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This may have seemed like a long read so far, but Polish Sarmatism is a complicated topic. And we now come to the rub: how true were the claims of ancient Sarmatian ancestry?
Perhaps, Sarmatism should by researched and examined as a cultural phenomenon, as a part of the imagination. Such was its purpose from the very beginning. Unfortunately, every discussion about the Polish Sarmatians inevitably drifts toward politics. Judgment of their culture and ways of governing always brings up the issue of peasant exploitation (called slavery by some) and the colonisation of Ukraine, like in the works of Jan Sowa. It’s a bit like the Confederacy, slavery, and the legacy of General Lee – if you’re an American, it’s hard to have a ‘neutral’ opinion on these matters.
Those who believe that the old Poland was a backward, dark and unjust country under the evil spell of a misguided Catholic Church, judge Polish Sarmatians harshly, usually as anarchy-driven selfish people who brought the country into decline. Such opinions, popular among 18th-century reformers and thinkers following Enlightenment ideas, were backed by the communist regime, which rejected class injustice and religion from a Marxist viewpoint. But for conservatives, Sarmatism is our precious heritage, the authentic and original (read: not western) melody composed by our nation’s soul. The Sarmatians dared to follow their own way and that can be seen as impressive, especially for those of us who are not entirely happy about globalisation. It’s a rally against the modernistic reformers who wished Poland to become ‘soulless’, just the same as every other nation.
When I was at high school, I was taught that the idea of Sarmatism is just a hoax, a forgery and proof of my ancestors’ blatant ignorance. But today, defenders of the idea of Sarmatian ancestry bring various facts to support their cause.
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There are genetic studies that show modern Poles are more related to Iranians than other modern Europeans. Ancient Sarmatians were probably Indo-Iranians, so perhaps they lived here and even left something. From a linguistics perspective, Slavic languages are the late eastern arrival in Europe, sharing many similarities with the languages of ancient India: Sanskrit and Pali. More similarities than modern English, German or French. Of course, if you get too excited about your ‘Aryan ancestry’, you might be labelled a Nazi. In fact, some genetic studies were misinterpreted and contributed to ridiculous extreme-right theories about Polish history, known as ‘Great Lechia’.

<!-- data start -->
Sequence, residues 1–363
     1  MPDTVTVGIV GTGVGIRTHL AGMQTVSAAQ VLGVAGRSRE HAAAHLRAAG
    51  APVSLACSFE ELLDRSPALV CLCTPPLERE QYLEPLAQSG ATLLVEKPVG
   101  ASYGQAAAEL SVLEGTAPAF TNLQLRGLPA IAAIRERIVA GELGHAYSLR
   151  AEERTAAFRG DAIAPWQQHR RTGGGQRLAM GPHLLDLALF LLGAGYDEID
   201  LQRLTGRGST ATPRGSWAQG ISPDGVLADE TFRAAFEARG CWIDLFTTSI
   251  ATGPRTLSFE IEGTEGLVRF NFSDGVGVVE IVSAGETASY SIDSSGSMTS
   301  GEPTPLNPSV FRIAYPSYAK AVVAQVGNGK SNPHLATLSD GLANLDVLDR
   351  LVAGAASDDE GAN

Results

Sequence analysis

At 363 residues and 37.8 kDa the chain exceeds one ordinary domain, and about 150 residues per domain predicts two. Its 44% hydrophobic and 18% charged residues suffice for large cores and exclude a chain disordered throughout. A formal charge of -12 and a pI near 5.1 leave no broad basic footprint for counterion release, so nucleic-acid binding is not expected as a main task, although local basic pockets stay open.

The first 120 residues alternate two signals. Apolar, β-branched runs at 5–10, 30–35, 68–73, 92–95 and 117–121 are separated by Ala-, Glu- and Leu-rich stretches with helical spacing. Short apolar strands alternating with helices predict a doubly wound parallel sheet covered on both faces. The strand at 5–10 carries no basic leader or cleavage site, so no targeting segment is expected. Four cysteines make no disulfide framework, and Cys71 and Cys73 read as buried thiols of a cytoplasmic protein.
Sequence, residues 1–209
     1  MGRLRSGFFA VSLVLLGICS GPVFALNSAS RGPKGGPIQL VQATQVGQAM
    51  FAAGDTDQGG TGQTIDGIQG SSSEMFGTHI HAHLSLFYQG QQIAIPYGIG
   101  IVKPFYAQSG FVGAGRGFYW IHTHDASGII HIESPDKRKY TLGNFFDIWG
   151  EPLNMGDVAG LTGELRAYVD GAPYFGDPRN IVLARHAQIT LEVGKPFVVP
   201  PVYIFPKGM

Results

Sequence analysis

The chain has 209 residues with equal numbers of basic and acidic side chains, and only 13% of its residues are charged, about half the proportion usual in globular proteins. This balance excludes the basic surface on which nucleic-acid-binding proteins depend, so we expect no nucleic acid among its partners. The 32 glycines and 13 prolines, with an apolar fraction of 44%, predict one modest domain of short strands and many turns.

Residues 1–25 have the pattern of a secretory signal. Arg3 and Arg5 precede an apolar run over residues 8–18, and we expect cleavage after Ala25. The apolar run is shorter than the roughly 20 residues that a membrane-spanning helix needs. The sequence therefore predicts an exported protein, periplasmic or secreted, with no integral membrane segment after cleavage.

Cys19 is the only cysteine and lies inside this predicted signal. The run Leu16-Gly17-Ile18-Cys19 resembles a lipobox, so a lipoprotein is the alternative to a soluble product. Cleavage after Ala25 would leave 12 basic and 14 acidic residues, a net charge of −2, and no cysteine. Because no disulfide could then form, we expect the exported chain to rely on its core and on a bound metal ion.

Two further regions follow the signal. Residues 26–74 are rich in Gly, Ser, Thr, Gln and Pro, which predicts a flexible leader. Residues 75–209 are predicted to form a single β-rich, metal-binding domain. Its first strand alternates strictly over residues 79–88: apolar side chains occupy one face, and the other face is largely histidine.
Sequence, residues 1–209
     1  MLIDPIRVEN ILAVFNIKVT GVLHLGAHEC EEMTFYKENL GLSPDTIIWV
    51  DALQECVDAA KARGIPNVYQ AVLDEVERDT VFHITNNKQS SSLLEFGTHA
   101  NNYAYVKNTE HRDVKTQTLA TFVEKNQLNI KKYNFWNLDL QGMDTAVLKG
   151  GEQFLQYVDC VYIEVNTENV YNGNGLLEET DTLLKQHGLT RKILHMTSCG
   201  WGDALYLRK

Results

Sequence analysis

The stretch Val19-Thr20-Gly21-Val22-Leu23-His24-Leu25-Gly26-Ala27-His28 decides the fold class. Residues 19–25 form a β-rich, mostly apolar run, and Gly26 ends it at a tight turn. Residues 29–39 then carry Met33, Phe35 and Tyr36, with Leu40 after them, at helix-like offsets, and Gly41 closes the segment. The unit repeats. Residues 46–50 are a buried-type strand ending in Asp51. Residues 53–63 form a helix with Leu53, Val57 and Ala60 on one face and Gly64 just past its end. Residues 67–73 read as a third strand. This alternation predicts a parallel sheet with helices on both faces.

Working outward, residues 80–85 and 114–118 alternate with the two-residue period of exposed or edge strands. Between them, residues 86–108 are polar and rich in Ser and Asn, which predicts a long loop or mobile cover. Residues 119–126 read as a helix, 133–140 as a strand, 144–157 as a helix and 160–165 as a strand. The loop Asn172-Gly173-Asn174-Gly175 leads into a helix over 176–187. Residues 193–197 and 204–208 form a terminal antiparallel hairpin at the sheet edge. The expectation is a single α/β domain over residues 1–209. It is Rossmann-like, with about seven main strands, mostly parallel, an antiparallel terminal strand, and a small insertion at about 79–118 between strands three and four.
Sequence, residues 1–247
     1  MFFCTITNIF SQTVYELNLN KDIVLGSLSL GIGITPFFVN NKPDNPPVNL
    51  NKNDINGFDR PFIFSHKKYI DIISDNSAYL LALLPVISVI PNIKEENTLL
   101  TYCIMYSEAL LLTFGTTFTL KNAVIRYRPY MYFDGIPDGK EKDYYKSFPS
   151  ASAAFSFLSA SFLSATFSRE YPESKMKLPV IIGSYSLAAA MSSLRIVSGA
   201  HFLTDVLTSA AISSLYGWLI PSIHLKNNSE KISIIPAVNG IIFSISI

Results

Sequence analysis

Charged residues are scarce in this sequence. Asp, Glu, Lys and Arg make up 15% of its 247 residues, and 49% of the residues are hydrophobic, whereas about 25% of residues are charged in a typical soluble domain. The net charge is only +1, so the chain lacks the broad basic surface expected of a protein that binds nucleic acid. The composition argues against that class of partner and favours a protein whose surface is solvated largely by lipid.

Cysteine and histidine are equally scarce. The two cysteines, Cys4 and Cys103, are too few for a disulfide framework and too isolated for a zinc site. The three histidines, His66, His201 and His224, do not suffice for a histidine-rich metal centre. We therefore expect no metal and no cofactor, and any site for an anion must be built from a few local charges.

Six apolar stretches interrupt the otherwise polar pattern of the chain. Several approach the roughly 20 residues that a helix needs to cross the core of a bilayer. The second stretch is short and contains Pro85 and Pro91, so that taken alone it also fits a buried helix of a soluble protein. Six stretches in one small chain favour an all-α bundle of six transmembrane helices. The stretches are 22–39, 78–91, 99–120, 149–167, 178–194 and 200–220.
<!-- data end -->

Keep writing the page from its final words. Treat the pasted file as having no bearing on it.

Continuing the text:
These merry theories claim that proud Poles have been roaming the world ever since the Himalayas appeared. It was us who conquered India, wrote the Vedas, invented the wheel and so on. And there are no historical sources, no evidence for these claims, because, you know, bad anti-Polish people, supposedly Masons and Jews, have burned and hidden them all. Lacking any historical perspective, these theories are wonderfully naïve and unaware that nations and tribes were ever evolving, changing, disappearing and merging together. History is a stew, a curry pot, not a chain of separated steak courses!
But somehow, such theories are a cry of longing. Perhaps the desire to know one’s roots is strong in every nation and the rejection of this longing by academics – like it was with the Sarmatian topic – simply results in a flood of ignorant theories. If scholars deny such needs, they end up in swamps of post-truths and offensive memes.
A thought exercise
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There are other arguments supporting the Sarmatian claims that are worth taking under consideration though. The studies about coats of arms, worn by Polish noblemen clans, show that many of them – like the Awdaniec noble family – have strikingly Iranian patterns. That fits into the puzzle, because ancient Sarmatians were supposed to be ancestors of nobles, not the common folk. Most serious historians agree that the elite of defeated nomadic empires in Europe, such as Scythians, Sarmatians and Avars, would melt into local populations. But what does it mean exactly?